Real estate in free fall

While Evergrande took majority of the headlines, the property sector – which makes up around 20% of China’s economy, has been haemorrhaging. December marked a huge downturn in the property sector as investments sank by 13.2% in that month alone, according to estimates by Chaoping Zhu, the chief global strategist for JP Morgan Asset Management. In addition to that, the authorities continue to tighten financial constraints for developers, so a shrink to the sector is almost guaranteed to come.

3. The Winners


To the surprise of no one, semiconductors continue to be a major winner. Being at the heart of road to China’s tech self-sufficiency, the industry will no doubt continue to receive government subsidies and preferential policies that kickstarted this surge in investment. China announced 28 additional wafer fabrication construction projects totalling US$26 billion in 2021 and ramped up production of ICs (integrated circuits) in 2021 by 33% – from 261.3 to 359.4 billion units.

Automation & robotics

In the same tone as semiconductors, automation and robotics remains as a huge focus, as upgrading manufacturing may be the optimal solution to current supply chain issues. In 2015, China set a goal of making 260,000 industrial robots a year by 2025 – and has accomplished it as production surpassed that figure in the first 3 quarters of 2021. This trend will continue, with innovation and technology being heavily emphasised in the newest 5-year plan, which we explored in a previous article that can be found here. The government also recently unveiled its aim to achieve a minimum annual growth of 20% in robotics sales by 2025, and to become the number one ranked country in robot density (currently 9th).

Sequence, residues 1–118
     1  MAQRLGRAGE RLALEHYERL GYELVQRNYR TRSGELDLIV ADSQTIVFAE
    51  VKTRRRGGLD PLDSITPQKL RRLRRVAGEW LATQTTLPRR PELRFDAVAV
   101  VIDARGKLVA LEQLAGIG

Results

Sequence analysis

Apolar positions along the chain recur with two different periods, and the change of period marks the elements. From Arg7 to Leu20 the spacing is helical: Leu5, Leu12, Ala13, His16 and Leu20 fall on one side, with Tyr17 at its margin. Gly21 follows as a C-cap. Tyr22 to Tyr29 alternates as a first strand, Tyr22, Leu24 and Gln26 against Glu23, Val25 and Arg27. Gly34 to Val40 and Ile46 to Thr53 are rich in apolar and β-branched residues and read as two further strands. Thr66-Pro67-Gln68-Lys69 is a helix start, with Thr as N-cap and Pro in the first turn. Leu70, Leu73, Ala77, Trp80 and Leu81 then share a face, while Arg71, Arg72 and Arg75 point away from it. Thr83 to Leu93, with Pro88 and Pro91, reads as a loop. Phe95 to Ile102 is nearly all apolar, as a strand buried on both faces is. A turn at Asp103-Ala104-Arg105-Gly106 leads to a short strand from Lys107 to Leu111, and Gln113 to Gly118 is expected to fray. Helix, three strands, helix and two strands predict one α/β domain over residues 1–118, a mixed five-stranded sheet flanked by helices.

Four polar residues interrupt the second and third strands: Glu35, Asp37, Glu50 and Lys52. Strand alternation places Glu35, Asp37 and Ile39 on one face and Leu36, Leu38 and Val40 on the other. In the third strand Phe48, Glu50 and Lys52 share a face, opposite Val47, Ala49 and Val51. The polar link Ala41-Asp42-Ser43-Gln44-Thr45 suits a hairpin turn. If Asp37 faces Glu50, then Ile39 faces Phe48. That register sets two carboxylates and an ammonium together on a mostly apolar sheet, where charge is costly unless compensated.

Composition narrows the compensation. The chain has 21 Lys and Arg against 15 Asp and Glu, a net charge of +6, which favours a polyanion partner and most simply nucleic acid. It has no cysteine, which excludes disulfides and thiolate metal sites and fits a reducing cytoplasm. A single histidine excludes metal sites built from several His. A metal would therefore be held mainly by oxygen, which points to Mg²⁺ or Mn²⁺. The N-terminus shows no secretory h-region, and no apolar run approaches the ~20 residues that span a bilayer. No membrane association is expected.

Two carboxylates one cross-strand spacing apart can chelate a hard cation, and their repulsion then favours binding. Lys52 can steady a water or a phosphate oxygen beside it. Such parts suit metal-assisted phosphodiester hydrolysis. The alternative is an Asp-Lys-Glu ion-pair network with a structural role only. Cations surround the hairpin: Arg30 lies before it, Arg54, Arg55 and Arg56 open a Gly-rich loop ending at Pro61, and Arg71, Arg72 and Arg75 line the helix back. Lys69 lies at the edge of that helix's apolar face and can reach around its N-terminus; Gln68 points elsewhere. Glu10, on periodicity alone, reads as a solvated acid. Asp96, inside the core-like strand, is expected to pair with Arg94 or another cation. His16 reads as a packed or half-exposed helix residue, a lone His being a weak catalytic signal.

Harvest in China had another positive year, with grain output up 2%, or 13.4 billion kg, year on year to reach nearly 683 billion kg. This is the seventh consecutive year that the country’s total grain production has exceeded 650 billion kg. In addition, this sector is a major focus of government’s 5-year plan, so will likely receive the resources required to upgrade its efficiency to help China become more self-sufficient. The Ministry of Finance of China issued more than RMB20 billion as the central government’s subsidies for the purchase of agricultural machinery in 2020, and more government support is inbound as plans have been made for comprehensive mechanization rate of crop ploughing, planting and harvesting reach 75% by 2025.

Disclaimer: Our content is intended to be used solely for informational and educational purposes, and not as investment advice. Always do your research and consider your personal circumstances before making investment decisions. ChineseAlpha is not liable for any losses that may arise from relying on information provided.